Tuesday, March 24, 2009

Another Book Market in Trouble?

This past weekend, the Christian Book Expo held its first event designed to connect publishers and authors with readers in the evangelical Christian market. To put it bluntly, the event flopped.

Could the problem have been where it was held? Not likely since it took place in Dallas, Texas, what Publishers Weekly calls, “the buckle of the Bible Belt and a top market for Christian publishers.”

To be fair, the event was planned two years ago, before the market downturn. And, despite having only a minimal marketing budget, it was designed as three days of panels and programming like a conference. It appears that “minimal marketing budget” pretty much consisted of word of mouth via Dallas churches.
“We can’t afford these kinds of risks,” said Dennis R. Hillman, publisher at Kregel Publications. “In a year like this the last thing we want to do is something that has no payoff.”
Michael S. Hyatt, president and CEO of Thomas Nelson seems to believe there will be an event next year. Others are not so sure.
“InterVarsity Press will be looking for a more concrete, specific marketing plan for the event – with some strings attached – before we would consider setting aside money to participate,” said associate publisher Jeff Crosby. “Viewed in total, the event was a major disappointment.”
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  1. The Christian Book Expo need not be another disappointment if these guidelines questions will be considered in planning for a future related event:

    1. Aside from the panel discussions and conference-like programming, did the Book Expo present interesting side events like book displays, Christian books signings, religious publishing trends, and

    2. Did the Book Expo carried interesting theme(s) that encourages attendees to actively discuss and participate?

    3. Were well known and highly respected Christian scholars, clergy, and motivational speakers invited to share their valuable insights about Christian book publishing?

    4. Was the venue and facilities for the Christian Book Expo conducive for a large audience? Was the event atmosphere promoted and fostered Christian goodwill and interaction?

    5. Were the event participants and attendees given their due share of importance in manifesting their related concerns about Christian book publishing?

  2. The whole situation underscores the the value of promotion or lack thereof. Word of mouth? What happened to go tell it on the mountain?

    Christian/Inspirational writing has been building readers for some years and this would have been a perfect forum to ecourage those writers of Christain based books to continue and pull in aspiring authors as well, with well placed workshops and celebration of the current authors successes. It could be handled as any other writing convention.

    What a shame it flopped. Hopefully, the planners learned some valuable lessons--especially if they funds from publishers.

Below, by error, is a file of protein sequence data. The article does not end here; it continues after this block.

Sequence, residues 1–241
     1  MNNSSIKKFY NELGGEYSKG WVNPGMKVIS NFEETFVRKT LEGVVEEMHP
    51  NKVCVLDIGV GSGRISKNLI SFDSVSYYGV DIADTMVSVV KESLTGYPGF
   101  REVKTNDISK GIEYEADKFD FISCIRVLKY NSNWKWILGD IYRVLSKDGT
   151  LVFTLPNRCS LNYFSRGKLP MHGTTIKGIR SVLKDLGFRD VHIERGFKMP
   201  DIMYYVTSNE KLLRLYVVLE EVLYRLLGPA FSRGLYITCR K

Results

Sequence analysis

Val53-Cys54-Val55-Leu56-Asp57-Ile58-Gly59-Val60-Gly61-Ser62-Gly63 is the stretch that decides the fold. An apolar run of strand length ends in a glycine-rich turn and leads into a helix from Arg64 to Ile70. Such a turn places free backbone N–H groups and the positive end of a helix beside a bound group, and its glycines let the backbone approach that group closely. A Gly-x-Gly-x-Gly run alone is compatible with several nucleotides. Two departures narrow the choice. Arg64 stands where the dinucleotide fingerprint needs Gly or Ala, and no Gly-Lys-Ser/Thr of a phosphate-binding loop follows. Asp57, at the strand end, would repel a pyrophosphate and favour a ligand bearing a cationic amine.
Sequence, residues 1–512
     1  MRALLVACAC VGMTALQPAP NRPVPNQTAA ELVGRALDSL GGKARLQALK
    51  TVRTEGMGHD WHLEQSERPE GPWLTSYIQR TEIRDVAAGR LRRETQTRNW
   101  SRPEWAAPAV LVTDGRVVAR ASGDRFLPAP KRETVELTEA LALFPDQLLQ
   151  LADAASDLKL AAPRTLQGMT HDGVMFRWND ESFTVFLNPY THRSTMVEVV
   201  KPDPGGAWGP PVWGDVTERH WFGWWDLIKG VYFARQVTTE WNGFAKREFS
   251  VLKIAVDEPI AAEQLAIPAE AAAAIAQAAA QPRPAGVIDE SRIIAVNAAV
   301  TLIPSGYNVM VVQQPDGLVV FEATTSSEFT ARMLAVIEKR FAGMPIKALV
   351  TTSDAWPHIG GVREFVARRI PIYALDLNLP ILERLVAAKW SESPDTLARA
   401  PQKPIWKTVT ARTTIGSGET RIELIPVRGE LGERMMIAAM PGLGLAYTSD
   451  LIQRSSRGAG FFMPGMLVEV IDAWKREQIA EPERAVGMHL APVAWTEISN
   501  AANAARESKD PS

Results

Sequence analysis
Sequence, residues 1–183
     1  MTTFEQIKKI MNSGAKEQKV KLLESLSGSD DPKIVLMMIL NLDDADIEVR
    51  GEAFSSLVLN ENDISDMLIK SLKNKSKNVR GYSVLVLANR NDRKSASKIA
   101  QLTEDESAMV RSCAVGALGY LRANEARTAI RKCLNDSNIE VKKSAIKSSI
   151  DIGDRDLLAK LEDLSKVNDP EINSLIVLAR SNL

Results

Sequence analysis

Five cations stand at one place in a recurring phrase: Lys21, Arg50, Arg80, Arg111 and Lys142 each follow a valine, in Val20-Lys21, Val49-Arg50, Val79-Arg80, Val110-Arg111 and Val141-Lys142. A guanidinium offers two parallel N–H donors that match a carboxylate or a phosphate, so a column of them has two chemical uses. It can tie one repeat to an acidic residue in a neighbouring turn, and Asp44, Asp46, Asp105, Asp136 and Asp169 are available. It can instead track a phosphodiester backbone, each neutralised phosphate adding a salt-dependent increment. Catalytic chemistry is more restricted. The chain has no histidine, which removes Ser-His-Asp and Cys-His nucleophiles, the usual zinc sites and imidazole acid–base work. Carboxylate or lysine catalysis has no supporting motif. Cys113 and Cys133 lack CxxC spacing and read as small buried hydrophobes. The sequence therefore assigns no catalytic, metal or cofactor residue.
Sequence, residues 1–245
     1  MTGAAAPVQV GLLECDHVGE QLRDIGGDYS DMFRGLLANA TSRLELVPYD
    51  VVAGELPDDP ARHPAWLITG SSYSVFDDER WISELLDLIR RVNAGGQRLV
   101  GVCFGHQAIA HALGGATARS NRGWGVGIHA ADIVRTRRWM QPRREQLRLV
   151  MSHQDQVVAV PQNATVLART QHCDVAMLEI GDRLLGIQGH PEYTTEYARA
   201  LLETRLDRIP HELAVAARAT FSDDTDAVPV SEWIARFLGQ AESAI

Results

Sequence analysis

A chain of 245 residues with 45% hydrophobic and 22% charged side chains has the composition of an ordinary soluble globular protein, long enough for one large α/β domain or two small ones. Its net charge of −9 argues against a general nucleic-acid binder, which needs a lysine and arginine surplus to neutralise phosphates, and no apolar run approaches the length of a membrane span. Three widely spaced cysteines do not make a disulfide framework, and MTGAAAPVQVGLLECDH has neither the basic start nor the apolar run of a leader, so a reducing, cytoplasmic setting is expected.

3. Helen, what other book market is in danger?

    Also, off topic, I've been using your advice of putting my blog after my comment but in some blog places (not blogger others) it means my comment doesn't get posted. Has anyone else had this problem?


  4. Are book expos intended to connect authors with readers or publishers with booksellers? Although Christian books is not my area of interest, why would I, as a reader, go to a book expo of any kind?


  5. That's a shame but obviously not well planned. With two years to plan they could have rounded up sponsors, free radio and TV PR and certainly the Internet. Twitter and Facebook alone could have provided much more publicity than word of mouth.


  6. Yeah, I did not hear about it until a few days ago - not much press for such a big event!

    Ironically, I just read a blog from a group of Christian authors that had a wonderful time at the event and thought it was a success... Different perspecitves I guess!

    L. Diane Wolfe

  7. My mom, a born salesman, always said, "If you don't tell people about it, they won't know." Promotion is key. Even in a recession.

  8. Remind me, when I plan to stage my first expo, not to hire whoever the publicity agents for THAT event were.

  9. I thought the Christian book market was doing well. Perhaps it still is. It could be that this event just wasn't well advertised or promoted. According to the Publishers Weekly article, they had hoped for 15,000 to 20,000 people, but only 1,500 attended.

  10. Lauri, I had that problem once on a blog. I had to omit the Url in order to get the comment to post. Don't remember who's blog it was or what host, though.

  11. I understand if their budget was did not allow for a major to do, but there are SO Many ways to advertise these days for very little money. The internet alone provides such opportunity. Craigslist, online writers forums, email lists... It's a shame because there are a lot of christian authors out there looking for publication opportunities. So sad.

  12. That's true, Jenny. And it seems like the Christian market was/is hot. If they do this next year, I'm sure they will correct their mistakes!

  13. I'm not an expert on planning conferences, but I'd suggest they could downsize it to maybe a day or a day and a half instead. Maybe three were too much and too expensive.

    Morgan Mandel

  14. I think they need to look for more options and plan it wisely. There seems a lot of trouble when you just put everything in risk.


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